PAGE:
Genetically based reduced MAOA and COMT functioning is associated with the cortisol stress response - a replication study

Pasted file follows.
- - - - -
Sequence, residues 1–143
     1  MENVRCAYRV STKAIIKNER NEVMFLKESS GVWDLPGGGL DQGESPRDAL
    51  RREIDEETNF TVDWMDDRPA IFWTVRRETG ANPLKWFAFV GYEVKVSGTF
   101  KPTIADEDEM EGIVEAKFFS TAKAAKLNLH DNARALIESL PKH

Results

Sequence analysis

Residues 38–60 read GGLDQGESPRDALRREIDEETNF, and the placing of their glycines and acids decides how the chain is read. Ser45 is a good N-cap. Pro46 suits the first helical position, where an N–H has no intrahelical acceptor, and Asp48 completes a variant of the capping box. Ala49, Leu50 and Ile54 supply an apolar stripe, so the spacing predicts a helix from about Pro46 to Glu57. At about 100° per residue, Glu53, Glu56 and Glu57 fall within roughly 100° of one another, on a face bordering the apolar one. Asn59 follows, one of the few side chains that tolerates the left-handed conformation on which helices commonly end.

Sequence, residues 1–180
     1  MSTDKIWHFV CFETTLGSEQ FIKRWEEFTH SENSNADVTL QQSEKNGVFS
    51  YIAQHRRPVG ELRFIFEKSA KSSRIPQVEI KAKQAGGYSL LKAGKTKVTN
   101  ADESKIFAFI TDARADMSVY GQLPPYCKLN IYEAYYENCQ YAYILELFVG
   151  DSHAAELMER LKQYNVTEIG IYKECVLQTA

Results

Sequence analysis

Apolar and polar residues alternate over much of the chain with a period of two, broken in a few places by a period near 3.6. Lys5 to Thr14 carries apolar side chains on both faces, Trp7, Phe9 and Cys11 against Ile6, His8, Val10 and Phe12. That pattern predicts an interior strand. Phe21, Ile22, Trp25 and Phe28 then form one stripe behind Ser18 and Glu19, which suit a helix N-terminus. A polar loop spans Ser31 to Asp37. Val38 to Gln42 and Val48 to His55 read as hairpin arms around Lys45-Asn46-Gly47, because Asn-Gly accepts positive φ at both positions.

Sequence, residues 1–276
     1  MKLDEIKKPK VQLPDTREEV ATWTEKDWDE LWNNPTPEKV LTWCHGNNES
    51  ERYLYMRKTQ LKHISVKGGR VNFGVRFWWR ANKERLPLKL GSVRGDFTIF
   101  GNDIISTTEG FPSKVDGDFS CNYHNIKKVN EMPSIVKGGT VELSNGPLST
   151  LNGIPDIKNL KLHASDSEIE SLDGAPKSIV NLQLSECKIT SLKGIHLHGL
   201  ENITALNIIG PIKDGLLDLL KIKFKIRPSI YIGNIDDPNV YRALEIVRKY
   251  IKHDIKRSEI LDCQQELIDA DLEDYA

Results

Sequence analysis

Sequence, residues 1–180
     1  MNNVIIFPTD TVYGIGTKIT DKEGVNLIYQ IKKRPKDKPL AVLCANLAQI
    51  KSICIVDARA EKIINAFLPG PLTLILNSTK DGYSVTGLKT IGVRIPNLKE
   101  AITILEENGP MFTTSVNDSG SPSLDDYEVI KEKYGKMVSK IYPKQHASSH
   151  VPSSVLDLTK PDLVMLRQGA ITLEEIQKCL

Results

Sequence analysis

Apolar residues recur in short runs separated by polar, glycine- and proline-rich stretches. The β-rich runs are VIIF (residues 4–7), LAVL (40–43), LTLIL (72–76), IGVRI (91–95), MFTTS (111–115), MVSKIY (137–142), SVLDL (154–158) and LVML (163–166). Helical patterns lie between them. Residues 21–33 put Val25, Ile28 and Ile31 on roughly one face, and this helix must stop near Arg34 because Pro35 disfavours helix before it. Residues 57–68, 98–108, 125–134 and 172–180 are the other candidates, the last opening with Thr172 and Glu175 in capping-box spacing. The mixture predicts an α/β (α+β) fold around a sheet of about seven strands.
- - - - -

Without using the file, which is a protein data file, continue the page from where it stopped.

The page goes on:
In 2007, Molecular Psychiatry published a unique study by Jabbi and colleagues, in which they showed that the combination of genetic variance in the MAOA and COMT gene was associated with increased responses of the HPA axis to stress. This finding was replicated in the TRAILS study and published as Letter to the Editor in Molecular Psychiatry. Our letter addresses the combined influence of the MAOA length polymorphism and the COMT val158met SNP on saliva cortisol responses towards a standardized social stress test in a large (n = 452) sample of adolescents (mean age 16.01 yrs, 38.5% girls, no oral contraceptive users). Jabbi et al. (1) showed that the COMT met/met genotype in combination with low MAOA, present in males predominantly, was associated with increased ACTH responses. We replicated this association in adolescent boys. The effect of COMT in the low MAOA group was different between boys and girls. The highest cortisol levels and most pronounced responses were observed in met/met boys while in val/val girls. This gender difference is in concordance with the hypothesized differential effects of high and low COMT functioning in the development of mental disorders in men and women. Our finding should be interpreted with caution; although our overall sample size was large, the low MAOA genotype group consisted of only 29 girls (relative to 100 boys).